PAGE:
Wasps and bees

Wasps and bees are beneficial insects, although they are generally
considered to be pests because of their ability to sting.  They can
become a problem in autumn or spring when they may disrupt many
outdoor activities.  Bees and Yellow Jackets are also known to build
their nest inside walls and underneath homes. People often
mistakenly call all stinging insects “bees”. While both social wasps
and bees live in colonies ruled by queens and maintained by
workers, they look and behave differently.

A yellow jacket is only about half an inch long and has black and
yellow stripes alternating across its body.  The yellow Jackets have
six jointed legs,two compound eyes, few or no hairs,and very
slim waists.

The honey bee is about 12 mm (1/2 inch) long and usually yellow,
with 3 or 5 dark brown abdominal bands. They carry two pairs of
wings and lack the constricted abdomen (wasp waist) of the wasp
and hornet. Honey bees can sting, but are much less aggressive than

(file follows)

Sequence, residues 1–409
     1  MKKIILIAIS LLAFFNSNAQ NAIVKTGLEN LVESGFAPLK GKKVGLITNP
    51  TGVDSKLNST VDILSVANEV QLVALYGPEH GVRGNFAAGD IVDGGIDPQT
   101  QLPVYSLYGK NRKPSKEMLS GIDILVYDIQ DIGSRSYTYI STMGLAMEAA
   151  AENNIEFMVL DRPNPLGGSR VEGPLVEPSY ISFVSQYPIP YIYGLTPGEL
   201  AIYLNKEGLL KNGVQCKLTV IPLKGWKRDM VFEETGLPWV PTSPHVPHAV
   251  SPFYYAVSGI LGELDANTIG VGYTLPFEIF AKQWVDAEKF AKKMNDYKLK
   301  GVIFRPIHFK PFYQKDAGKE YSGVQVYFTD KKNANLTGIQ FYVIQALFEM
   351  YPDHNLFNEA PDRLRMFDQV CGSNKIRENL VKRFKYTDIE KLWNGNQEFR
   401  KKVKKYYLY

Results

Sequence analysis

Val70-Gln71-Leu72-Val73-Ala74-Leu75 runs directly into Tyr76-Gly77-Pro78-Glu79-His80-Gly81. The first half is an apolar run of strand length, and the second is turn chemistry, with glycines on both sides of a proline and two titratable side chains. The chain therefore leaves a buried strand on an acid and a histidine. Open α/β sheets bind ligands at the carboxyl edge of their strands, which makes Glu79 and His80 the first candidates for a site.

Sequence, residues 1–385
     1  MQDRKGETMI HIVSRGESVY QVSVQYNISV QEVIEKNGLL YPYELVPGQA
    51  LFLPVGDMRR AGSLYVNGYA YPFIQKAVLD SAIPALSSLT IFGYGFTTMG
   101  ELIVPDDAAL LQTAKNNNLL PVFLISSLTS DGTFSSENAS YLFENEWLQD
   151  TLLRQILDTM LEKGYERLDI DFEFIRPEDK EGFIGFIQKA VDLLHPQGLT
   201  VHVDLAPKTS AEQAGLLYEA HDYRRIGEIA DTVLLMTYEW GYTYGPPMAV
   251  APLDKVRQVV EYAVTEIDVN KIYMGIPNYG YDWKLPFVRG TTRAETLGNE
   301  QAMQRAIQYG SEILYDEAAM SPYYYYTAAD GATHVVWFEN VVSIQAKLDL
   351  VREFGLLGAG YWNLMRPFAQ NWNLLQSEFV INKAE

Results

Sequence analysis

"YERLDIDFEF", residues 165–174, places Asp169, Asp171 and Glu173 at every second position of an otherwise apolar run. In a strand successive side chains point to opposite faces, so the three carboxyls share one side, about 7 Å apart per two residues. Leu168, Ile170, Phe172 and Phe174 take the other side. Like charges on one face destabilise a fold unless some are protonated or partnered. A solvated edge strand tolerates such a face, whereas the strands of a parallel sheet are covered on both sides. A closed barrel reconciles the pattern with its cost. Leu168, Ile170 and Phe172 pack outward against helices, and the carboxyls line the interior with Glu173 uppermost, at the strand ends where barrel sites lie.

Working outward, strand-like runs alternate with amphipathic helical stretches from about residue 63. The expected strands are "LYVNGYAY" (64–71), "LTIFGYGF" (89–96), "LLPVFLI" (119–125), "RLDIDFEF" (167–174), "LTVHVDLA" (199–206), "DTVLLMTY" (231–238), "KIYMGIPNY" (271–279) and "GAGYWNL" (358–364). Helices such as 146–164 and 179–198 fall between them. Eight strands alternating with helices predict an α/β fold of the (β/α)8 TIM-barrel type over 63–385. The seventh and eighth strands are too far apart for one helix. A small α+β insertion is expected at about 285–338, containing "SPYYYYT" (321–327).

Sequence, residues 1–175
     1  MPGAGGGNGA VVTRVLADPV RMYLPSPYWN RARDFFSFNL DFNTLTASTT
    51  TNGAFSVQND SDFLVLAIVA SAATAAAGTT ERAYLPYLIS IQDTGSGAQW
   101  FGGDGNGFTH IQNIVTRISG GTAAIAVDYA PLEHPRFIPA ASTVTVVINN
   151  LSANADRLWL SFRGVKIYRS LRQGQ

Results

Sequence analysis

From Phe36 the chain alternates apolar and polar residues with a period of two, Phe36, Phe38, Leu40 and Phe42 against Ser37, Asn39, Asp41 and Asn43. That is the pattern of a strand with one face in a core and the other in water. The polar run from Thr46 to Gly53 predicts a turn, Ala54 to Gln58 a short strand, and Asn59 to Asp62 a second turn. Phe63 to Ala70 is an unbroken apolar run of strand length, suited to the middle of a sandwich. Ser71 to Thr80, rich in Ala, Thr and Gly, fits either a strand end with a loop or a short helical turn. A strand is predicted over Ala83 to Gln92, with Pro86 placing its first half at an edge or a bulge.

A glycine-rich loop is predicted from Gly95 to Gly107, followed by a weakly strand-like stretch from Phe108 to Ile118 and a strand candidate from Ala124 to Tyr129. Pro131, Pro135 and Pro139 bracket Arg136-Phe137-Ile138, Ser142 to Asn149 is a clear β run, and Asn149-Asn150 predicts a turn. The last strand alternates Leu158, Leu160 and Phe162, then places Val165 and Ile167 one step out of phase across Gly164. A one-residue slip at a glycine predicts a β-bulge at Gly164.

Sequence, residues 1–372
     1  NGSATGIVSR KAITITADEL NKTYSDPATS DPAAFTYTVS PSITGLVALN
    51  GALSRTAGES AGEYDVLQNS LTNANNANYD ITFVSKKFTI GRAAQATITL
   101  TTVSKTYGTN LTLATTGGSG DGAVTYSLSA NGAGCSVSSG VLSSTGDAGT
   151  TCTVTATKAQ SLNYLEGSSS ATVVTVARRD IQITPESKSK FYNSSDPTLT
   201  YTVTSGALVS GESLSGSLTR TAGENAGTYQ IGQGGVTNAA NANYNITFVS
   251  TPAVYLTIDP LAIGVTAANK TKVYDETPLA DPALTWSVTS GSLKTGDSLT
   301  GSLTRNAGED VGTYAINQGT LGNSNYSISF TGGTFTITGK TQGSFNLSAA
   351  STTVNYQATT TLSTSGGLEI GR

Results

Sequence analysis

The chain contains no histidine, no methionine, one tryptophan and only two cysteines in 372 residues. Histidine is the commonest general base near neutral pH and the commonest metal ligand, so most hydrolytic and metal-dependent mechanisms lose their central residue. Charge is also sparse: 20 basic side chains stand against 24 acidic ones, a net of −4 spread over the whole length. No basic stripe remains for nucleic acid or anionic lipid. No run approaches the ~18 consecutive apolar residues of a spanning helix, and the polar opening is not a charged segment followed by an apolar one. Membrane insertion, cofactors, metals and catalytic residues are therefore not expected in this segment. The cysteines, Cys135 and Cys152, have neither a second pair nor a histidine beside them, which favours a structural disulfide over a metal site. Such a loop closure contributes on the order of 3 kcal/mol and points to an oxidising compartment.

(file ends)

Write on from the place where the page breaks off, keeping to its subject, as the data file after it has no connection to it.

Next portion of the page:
wasps and hornets.

Blad-faced Hornets are related to yellow jackets but are not “true”
hornets themselves. This species features a rather stout body and
are colored in white and black from head, thorax and abdomen. The
abdomen is finished off by a band of white. Males differ somewhat in
having a white band on the first abdominal segment. Workers
measure between 12 and 15mm while the queen is substantially
larger at 18 to 20mm.

Bald-Faced Hornets are extremely aggressive when disturbed and
WILL STING REPEATEDLY. Their hives can appear anywhere one
can imagine. Hives themselves are a gray shapely mass with an
opening at the bottom.